A previous investigation showed an increased risk of testicular cancer among firefighters in Wellington City, New Zealand, during the 1980s, while other studies of firefighters had not identified testicular cancer as an occupational disease. The present cohort study of mortality and cancer incidence involved all professional New Zealand firefighters, from 1977 to 1995. It confirms the increased risk of testicular cancer, even after excluding cases from the previous investigation, with a standardized incidence ratio for 1990-96 of 3.0. There was no evidence that firefighters were at increased risk from other cancers nor from any particular cause of death. While this study confirmed that New Zealand firefighters are at increased risk of testicular cancer, the reasons remain unknown.
American Journal of Industrial Medicine, Sep. 2001, Vol.40, No.3, p.263-270. 26 ref.

CIS 02-804 Vassilev Z.P., Robson M.G., Klotz J.B.
Outdoor exposure to airborne polycyclic organic matter and adverse reproductive outcomes: A pilot study
To investigate the association between outdoor airborne polycyclic organic matter (POM) and adverse reproductive outcomes in New Jersey, a cross-sectional design combining U.S. air quality data and individual data on pregnancy outcomes from birth and foetal death certificates at the census tract level were used. After excluding plural births and chromosomal anomalies, 221,406 live births and 1,591 foetal deaths registered during the years of 1990 and 1991 were included. The exposure estimates were derived from modeled average POM concentrations for each census tract in the state. After adjustment for potential confounders, the odds ratios (OR) for very low birth weight for the highest exposure compared to the lowest exposure group was 1.31; high POM exposure was associated with low birth weight (OR = 1.31) among term births, with foetal death (OR = 1.19) and with premature birth (OR = 1.25). In conclusion, this study found associations between outdoor exposure to modeled average airborne POM and several adverse pregnancy outcomes.
American Journal of Industrial Medicine, Sep. 2001, Vol.40, No.3, p.255-262. 21 ref.

CIS 02-173 Weiderpass E., Pukkala E., Vasama-Neuvonen K., Kauppinen T., Vainio H., Paakkulainen H., Boffetta P., Partanen T.
Occupational exposures and cancers of the endometrium and cervix uteri in Finland
An exploratory study was conducted in Finland to assess the role of occupational exposures on incidence rates of cancers of the endometrium and cervix uteri. Occupational risk factors for endometrial and cervical cancers were explored in a 25-year follow-up of 413,877 female workers born between 1906 and 1945 identified through the 1970 population census of Finland. Job titles in census records were converted to exposures of 31 occupational agents through a job-exposure matrix. Poisson regression models estimated relative risks for each agent, standardized for birth sub-cohort, follow-up period, and socio-economic status. It was found that endometrial cancer (2,833 cases) was associated with exposure to animal dust and sedentary work. Cervical cancer (1,101 cases) was associated with exposure to aliphatic and cyclo-aliphatic hydrocarbons, aromatic hydrocarbons and chlorinated hydrocarbons, silica dust, and wood dust.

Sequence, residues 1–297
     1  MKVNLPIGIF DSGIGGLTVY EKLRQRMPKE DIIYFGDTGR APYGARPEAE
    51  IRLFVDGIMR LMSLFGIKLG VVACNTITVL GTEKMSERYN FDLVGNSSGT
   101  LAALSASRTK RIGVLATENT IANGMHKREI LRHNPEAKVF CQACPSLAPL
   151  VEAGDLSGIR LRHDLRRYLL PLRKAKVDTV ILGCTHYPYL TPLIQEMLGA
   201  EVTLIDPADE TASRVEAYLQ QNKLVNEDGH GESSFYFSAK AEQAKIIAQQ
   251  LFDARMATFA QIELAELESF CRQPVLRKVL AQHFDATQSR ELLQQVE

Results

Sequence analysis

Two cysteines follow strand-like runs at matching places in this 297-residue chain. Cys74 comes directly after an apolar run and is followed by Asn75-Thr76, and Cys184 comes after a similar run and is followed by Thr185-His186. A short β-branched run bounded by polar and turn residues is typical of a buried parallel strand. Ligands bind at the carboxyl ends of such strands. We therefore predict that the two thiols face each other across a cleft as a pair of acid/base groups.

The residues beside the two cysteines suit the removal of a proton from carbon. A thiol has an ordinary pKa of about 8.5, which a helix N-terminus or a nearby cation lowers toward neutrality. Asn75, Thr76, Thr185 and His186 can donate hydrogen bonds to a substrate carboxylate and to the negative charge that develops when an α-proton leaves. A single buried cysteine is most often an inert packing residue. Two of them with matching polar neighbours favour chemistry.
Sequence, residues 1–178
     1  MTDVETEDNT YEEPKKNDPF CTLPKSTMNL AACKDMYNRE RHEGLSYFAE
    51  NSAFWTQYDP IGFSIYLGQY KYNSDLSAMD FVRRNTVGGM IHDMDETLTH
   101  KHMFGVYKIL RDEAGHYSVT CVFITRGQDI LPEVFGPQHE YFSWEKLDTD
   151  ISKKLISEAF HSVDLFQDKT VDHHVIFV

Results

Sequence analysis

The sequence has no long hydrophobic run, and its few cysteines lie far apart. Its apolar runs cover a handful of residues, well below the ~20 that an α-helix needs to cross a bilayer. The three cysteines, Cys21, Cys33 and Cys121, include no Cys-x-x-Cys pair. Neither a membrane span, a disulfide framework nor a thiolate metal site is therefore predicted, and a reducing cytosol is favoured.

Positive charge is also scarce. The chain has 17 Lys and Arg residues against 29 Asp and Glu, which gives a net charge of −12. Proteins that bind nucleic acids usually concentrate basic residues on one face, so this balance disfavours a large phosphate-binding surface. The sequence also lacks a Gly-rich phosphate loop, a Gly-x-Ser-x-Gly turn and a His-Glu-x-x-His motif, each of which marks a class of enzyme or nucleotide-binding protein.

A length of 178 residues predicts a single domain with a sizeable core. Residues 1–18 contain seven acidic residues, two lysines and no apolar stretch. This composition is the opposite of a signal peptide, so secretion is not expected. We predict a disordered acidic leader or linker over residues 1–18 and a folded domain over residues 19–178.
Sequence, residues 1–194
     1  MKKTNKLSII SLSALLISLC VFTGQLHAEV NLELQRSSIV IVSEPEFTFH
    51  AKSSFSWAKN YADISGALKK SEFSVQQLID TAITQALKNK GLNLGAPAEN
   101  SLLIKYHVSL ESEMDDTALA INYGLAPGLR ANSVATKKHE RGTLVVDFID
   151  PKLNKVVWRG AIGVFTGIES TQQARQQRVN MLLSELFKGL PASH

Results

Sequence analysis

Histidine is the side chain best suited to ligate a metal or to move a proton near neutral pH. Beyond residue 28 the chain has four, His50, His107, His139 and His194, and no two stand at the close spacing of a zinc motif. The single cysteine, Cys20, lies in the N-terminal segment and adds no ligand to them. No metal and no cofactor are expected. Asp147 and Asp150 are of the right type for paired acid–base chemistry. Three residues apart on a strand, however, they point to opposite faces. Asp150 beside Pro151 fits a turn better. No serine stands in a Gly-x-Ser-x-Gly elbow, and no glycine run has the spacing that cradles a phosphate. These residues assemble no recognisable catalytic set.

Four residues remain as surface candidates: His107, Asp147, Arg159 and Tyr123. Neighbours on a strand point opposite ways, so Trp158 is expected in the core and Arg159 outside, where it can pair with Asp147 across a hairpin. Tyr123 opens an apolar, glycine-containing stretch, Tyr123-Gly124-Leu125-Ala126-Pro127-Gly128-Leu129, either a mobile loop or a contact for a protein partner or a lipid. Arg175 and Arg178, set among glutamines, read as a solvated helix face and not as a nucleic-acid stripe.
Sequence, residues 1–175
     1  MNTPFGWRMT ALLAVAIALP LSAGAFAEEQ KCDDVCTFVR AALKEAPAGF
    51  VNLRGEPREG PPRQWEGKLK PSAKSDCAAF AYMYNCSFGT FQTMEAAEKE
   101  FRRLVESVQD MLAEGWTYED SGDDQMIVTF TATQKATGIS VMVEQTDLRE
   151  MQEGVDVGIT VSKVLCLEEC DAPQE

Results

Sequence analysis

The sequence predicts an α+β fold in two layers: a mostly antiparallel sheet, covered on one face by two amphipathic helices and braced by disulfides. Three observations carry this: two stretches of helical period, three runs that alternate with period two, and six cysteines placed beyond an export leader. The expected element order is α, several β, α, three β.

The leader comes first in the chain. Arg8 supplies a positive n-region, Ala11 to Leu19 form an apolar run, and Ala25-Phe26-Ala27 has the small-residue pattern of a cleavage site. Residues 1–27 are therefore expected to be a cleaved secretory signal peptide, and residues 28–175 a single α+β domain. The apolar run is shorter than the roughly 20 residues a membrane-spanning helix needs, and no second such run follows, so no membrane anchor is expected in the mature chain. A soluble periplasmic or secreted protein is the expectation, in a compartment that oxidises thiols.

American Journal of Industrial Medicine, June 2001, Vol.39, No.6, p.572-580. 42 ref.


CIS 03-964 Charlot A., Godfroid I.O.
Premenstrual syndrome: Cause for work incapacity?
Le syndrome prémenstruel: une cause d'incapacité de travail? [in French]
Premenstrual syndrome is a disorder which affects about one woman in four. It is characterized by the cyclical onset of physical and psychological symptoms which normally culminate in the start of a period. In two to ten percent of cases, the clinical signs are of such severity that they seriously disrupt the personal and professional life of the patient. This state is known as the premenstrual dysphoric disorder, which may give rise to temporary sick leave or absenteeism and which workplace physicians may well encounter. The article reviews the literature findings relating to this often little understood syndrome and considers them in the context of occupational health and the right to treatment for women in the workplace.
Médecine du travail & Ergonomie / Arbeidsgezondheitszorg & Ergonomie, 2000, Vol.XXXVII, No.1, p.39-41. Illus. 5 ref.

CIS 03-179 Sharma-Wagner S., Chokkalingam A.P., Malker H.S.R., Stone B.J., McLaughlin J.K., Hsing A.W.
Occupation and prostate cancer risk in Sweden
36,269 prostate cancer cases reported to the Swedish National Cancer Registry during 1961 to 1979 were linked with employment information from the 1960 National Census. Standardized incidence ratios for prostate cancer were calculated within industries and occupations. Significant excess risks were seen for agriculture-related industries, soap and perfume manufacture, and leather processing industries. Significantly elevated standardized incidence ratios were also seen for the following occupations: farmers, leather workers and white-collar occupations. Results suggest that elevated prostate cancer risks exist among farmers, in certain occupations and industries with exposures to cadmium, herbicides, and fertilizers, and among men with low occupational physical activity.